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My cultural life: John Short, artist

 

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John Short

John Short

Me Talk Pretty One Day by David Sedaris

Me Talk Pretty One Day by David Sedaris

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John Short

Before the lockdown, John Short travelled extensively around the word: he records people in everyday settings in watercolour and ink drawings. He is known for his watercolours and 3D sculptures of bathers, particularly at the Forty Foot. John is a represented by Solomon Fine Art Gallery in Dublin. When the 2km limit was introduced, he began a project of daily watercolour paintings, recording views of aspects of his native village of Dalkey. They can all be viewed on: www.solomonfineart.ie/viewing-room/5-john-short-dalkey-visual-record/

Film: Barry Lyndon

 

While I was a student at The Royal College of Art in London, I saw the Stanley Kubrick movie Barry Lyndon - a glorious adaptation of an 18th-century novel by Thackeray which begins in Ireland. I was to move to Dublin a year or two after that, so it must have had a big effect on me.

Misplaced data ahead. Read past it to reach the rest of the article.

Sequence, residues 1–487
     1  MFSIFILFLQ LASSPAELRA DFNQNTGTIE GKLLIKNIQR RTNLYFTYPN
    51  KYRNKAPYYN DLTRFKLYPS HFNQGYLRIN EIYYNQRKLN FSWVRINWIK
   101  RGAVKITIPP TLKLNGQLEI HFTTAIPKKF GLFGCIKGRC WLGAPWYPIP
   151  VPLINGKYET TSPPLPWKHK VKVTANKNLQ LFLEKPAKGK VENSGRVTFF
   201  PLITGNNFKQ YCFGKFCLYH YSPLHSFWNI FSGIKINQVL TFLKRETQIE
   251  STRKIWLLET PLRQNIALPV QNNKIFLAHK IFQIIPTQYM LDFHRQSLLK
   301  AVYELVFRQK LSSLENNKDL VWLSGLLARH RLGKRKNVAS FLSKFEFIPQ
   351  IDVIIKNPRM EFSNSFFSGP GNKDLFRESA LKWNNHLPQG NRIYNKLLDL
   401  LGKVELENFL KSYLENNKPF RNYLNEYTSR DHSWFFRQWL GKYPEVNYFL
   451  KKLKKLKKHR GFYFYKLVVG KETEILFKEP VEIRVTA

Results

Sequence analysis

Design: Everyday fashion

With my preoccupation with observing and drawing people I am very interested - though you would be hard-pressed to think it - in fashion, everyday fashion, street fashion and how that constantly changes. Everyday fashion in other countries is different. It's so revealing and endlessly fascinating. I often set myself the task of looking through my drawings in sketchbooks at how and what people wear.

Book: Me Talk Pretty One Day

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Me Talk Pretty One Day by David Sedaris

Me Talk Pretty One Day by David Sedaris

Me Talk Pretty One Day by David Sedaris

 

For a wickedly funny read, try American humourist David Sedaris, whom I often re-read. His observations are like little sketchbook drawings of people, often his family members, and his imaginary fantasies are unpredictable and incredibly funny. I'm re-reading his Me Talk Pretty One Day. Alternatively, Mary Beard's splendid book SPQR is a history of Ancient Rome. She sheds light on real people and their lives then. Touching glimpses from 2,000 years ago, she brings the Roman empire back to life.

Music: Women of Ireland

On the Barry Lyndon soundtrack there is a piece by the Chieftains, composed by Sean O Riada - Women of Ireland. Spike Milligan once said it was the most beautiful piece of music ever written and I'd have to agree. For a lighter touch in my studio playlists Chakka Khan and Robert Palmer are regulars. I just discovered a brilliant piece of music recently for two pianists - Libertango by Khatia + Gvantsa Buniatishvili.

Artist: John Singer Sargent

Watercolours and drawings don't come much better than my current favourite, whose vivid paintings made in Venice and of ships at anchor in Palma, Majorca are sublime. What I am seeing are things which took very little time, with this notoriously difficult medium, but represent years of practice and looking.

Sunday Independent